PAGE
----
Community Hero 2023
Brenda Seagrave-Whittle’s interest in children’s literacy and its positive effects on families predates her involvement with Reach Out and Read Rhode Island. In the 1990s, early in her career as a social worker at Thundermist Health Center in Woonsocket, she conducted home visits and provided parenting education. Brenda quickly realized many families did not have access to books. “It broke my heart to see that so many of the families I was working with could not afford to purchase a $3 book for their kids. If you must choose between milk and a book, it’s not a choice.”
At the time, as a young mother herself, books were an important part of Brenda’s parenting. Reading time was a way to get the whole family connected. Her nighttime routine together with her son and daughter was dinner, bath, book, and then bed. Her husband Shelly often joined the family for bedtime stories.
This evening reading routine meant so much to Brenda that she wanted others to have the same opportunity to read together. That is when she got the idea to create a used book library at Thundermist where she and her coworkers, as well as staff from community agencies and parishioners from local churches, donated books that their children had outgrown. This gave families the chance to read together while waiting for their appointments.
Fast forward to 1999 when Thundermist’s Woonsocket location became the first “Reach Out and Read” site in Rhode Island. Following the model crafted by the national center of Reach Out and Read, Brenda visited local pediatricians to get them on board and to train them in Reach Out and Read’s evidence-based methods. Training doctors and ordering, and storing books kept her busy, especially on top of her full-time job, but the results were worth it. “Through Reach Out and Read, we created a process at Thundermist that allowed every child to have a book as they left the health center. Our goal was to create a real positive experience for the family.”
In 2004, Brenda joined the board of Reach Out and Read Rhode Island, eventually becoming chair. Around the same time, she started working at Neighborhood Health Plan of Rhode Island, where today she is chief marketing officer. Her enthusiasm for Reach Out and Read led other community health centers in Neighborhood’s network to start the reading program as well. Brenda, many times with her two children in tow, worked with staff to set up the reading areas at many of the community health centers. This experience made a lasting impact for patients as well as her two children.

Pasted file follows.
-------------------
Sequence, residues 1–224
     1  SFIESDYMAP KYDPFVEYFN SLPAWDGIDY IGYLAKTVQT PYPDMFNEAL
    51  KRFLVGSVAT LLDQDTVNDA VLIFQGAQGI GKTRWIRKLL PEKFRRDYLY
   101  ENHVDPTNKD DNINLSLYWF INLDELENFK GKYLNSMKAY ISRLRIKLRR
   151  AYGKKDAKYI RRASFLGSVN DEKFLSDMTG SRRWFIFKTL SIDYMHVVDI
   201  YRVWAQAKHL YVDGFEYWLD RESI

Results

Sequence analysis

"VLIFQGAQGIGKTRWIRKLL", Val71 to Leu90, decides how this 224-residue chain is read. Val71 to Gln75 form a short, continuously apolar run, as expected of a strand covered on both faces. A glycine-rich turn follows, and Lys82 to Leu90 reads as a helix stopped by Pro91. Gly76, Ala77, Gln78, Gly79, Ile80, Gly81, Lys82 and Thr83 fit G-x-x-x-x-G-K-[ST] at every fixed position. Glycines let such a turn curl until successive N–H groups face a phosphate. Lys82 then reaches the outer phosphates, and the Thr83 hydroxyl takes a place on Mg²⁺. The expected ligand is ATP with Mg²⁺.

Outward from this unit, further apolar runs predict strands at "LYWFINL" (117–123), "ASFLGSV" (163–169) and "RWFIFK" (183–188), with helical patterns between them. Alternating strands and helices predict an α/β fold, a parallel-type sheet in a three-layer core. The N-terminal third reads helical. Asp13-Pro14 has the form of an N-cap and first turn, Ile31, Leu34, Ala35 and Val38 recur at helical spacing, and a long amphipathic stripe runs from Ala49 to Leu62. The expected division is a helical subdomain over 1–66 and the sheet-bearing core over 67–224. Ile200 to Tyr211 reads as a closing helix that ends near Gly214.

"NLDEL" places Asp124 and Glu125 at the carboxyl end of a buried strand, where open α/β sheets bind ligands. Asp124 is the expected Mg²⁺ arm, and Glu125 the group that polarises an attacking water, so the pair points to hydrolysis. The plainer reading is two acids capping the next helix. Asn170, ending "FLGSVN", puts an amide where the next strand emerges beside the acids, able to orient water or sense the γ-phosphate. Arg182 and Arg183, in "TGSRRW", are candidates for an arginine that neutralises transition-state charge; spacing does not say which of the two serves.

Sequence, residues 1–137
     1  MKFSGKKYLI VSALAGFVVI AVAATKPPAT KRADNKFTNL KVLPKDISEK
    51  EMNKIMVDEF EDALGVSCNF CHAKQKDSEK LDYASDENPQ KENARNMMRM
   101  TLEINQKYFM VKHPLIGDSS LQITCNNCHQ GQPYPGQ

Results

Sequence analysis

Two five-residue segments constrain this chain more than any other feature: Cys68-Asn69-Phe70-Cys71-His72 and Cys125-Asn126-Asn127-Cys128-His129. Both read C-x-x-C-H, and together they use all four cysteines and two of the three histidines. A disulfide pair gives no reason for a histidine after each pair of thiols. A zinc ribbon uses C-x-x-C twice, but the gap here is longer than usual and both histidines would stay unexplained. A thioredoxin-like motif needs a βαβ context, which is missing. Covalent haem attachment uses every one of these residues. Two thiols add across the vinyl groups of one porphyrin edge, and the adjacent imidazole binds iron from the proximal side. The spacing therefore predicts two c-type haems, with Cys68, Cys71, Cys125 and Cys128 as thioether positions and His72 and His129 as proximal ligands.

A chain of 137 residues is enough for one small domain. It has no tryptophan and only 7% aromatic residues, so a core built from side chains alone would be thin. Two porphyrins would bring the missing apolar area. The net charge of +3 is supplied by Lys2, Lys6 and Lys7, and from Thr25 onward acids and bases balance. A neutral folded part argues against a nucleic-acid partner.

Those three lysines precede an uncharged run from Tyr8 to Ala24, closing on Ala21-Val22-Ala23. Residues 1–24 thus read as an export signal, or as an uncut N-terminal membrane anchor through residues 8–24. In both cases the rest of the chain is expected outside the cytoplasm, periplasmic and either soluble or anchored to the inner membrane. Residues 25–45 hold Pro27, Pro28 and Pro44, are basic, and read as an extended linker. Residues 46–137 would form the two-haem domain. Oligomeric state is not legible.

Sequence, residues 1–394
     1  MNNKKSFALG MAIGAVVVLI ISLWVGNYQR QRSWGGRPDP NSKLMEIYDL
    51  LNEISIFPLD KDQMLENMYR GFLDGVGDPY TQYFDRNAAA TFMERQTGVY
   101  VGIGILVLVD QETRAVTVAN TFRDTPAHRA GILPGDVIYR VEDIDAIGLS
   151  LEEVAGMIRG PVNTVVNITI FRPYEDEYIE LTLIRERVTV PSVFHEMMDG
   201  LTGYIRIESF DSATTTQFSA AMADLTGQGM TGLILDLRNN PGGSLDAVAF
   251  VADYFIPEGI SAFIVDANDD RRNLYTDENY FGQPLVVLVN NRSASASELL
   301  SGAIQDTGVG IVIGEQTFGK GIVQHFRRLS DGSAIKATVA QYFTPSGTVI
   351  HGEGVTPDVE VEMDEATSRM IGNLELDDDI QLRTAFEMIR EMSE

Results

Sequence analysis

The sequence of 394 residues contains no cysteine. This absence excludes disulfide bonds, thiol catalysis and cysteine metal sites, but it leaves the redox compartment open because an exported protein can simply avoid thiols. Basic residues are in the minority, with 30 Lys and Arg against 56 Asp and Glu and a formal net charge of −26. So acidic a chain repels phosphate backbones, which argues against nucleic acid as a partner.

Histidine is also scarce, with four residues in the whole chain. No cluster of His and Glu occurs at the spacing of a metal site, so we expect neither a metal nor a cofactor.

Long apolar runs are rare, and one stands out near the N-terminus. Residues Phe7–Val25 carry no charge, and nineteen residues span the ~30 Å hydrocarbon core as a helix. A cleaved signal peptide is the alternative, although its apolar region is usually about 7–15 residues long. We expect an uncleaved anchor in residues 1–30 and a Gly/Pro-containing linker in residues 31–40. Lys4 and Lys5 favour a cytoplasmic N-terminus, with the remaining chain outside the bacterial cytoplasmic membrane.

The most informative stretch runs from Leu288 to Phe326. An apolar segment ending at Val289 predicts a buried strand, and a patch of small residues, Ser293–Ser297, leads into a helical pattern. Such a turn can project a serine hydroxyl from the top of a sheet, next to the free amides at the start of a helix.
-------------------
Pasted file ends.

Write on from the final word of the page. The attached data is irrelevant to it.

Her daughter Sarah especially liked to read Lurlene McDaniel, an author whose young adult books deal with children facing physical and emotional hardships. She often told Brenda that, one day, she was going to be a doctor who treats children with cancer. Now, a pediatric oncologist for eight years, Sarah excitedly called Brenda one day to share that she had given out her first Reach Out and Read book during her pediatric residency at the Brown Medical School. “My daughter had been on this journey with me since she was a kid. To see her connect the dots as a pediatrician, understand how vital the program is, and to show such enthusiasm for it …well, that was an incredible moment for me.”
Her son Sean, who is a high school history teacher, enjoyed reading the Hitchhikers Guide to the Galaxy series. Brenda said, “I really believe Sean’s interest in reading played a big part in his energy and enthusiasm for teaching young people.”
Reach Out and Read Rhode Island continues to recommend that reading intervention begins at birth, based on evidence that this improves outcomes for children. It also strengthens family bonding time and fosters trust between doctor and parents. Pediatricians are encouraged to give books to families at the very first newborn appointment. Brenda noted, “These early investments are so critical to making sure that kids start off right. They also serve as an entryway into talking about things that might be difficult, including everyday care, literacy, and developmental screenings.”
Thanks in large part to Brenda’s involvement, Reach Out and Read Rhode Island has achieved many milestones since its 1999 start. Its success has been felt in homes and at community health centers across the state. For the program to continue to flourish, the challenge is to stand out among the many other equally valuable childhood intervention programs. Brenda believes that childhood memories play a powerful role in making this happen. “For most people, they can go right to that place where they remember their mom, dad, or grandparent reading to them and can find extraordinary moments in their life around that.”
Interested in becoming a sponsor?